A San Diego ordinance that closed Children’s Pool in La Jolla during seal “pupping season” is constitutional, a state appeals court panel ruled, reversing a 2016 decision by a lower court judge in Orange County.
“We are thrilled by the outcome,” said Seal Conservancy President Jane Reldan. “Justice has been served.”
Beach access advocates were not in agreement, and said they’ll take the matter to the California Supreme Court if they have to.
“The public’s right to access beaches, especially man made beaches like the Children’s Pool, must be preserved,” attorney Bernard F. King II told the San Diego Union-Tribune in an email Friday.
The decision on Thursday was the latest round in a long saga of conflict between would-be beachgoers and environmentalists.
The beach was created as a designated area for children to swim in 1932, using a large, crescent-shaped seawall, protecting the shore from oncoming waves and making it safer for inexperienced swimmers.
The seawall also made the spot ideal for harbor seals and sea lions, which began gathering at the beach in large numbers in the 1990s, polluting it with their excrement.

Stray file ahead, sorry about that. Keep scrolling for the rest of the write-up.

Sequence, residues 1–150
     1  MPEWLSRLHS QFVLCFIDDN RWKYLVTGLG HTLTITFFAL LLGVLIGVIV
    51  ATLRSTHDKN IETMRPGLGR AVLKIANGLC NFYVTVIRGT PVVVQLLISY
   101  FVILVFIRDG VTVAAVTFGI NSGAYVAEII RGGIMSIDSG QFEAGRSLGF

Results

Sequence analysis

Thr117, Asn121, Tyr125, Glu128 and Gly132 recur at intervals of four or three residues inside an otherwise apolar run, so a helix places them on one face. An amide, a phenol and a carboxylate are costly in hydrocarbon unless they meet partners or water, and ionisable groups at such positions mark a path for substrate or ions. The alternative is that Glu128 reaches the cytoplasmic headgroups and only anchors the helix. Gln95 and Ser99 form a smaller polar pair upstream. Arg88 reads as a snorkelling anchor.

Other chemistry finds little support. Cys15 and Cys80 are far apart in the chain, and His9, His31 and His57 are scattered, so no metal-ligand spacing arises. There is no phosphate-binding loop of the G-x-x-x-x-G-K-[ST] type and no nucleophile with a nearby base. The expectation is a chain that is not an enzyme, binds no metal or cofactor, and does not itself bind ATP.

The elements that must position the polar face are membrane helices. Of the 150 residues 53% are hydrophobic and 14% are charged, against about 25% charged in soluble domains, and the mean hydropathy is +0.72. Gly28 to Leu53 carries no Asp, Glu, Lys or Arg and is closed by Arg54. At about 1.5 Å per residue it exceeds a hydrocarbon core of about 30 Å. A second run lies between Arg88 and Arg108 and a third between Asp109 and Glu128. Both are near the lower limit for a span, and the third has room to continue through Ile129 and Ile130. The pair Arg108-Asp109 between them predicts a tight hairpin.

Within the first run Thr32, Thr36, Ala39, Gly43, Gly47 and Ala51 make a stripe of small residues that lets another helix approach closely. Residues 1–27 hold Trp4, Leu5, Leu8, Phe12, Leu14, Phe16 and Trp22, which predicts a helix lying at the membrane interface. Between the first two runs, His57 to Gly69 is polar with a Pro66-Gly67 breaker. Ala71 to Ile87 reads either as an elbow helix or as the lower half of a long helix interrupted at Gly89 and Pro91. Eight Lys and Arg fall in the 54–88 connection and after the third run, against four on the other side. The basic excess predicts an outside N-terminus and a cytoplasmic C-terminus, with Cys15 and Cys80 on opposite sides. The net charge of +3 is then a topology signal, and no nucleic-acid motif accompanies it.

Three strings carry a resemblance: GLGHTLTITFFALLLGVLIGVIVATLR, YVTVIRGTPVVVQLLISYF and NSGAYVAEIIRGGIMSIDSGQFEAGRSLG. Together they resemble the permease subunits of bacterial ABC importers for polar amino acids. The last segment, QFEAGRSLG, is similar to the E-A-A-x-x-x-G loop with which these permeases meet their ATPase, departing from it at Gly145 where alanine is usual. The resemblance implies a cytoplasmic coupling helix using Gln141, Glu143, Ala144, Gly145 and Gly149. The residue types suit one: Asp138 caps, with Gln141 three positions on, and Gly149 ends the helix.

In 2014, faced with claims from seal activists that humans were disturbing the animals and in some cases causing them to “flush” — or stampede — into the ocean, potentially killing young seal pups, the San Diego City Council moved to limit access to the beach during pupping season. The beach has been closed from December to May in recent years.
Soon after the ordinance was passed, a group called Friends of the Children’s Pool sued the city and the California Coastal Commission, which had also approved the rule.
The group argued the city had violated the state Coastal Act and the federal Marine Mammal Protection Act, and in May 2016, a judge in Orange County Superior Court agreed the city had overstepped its bounds and struck down the ordinance.
Even after the ruling, though, the city had been allowed to continue closing the beach during pupping season while its appeal was pending in court.
The appellate court ruled the city was within its rights to protect the seals and was exercising its inherent power to regulate the use of its property.
–City News Service
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